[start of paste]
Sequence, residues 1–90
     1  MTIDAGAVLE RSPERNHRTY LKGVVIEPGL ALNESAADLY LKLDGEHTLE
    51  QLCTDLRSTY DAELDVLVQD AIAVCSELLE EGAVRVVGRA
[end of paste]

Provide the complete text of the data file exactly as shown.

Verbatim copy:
Sequence, residues 1–90
     1  MTIDAGAVLE RSPERNHRTY LKGVVIEPGL ALNESAADLY LKLDGEHTLE
    51  QLCTDLRSTY DAELDVLVQD AIAVCSELLE EGAVRVVGRA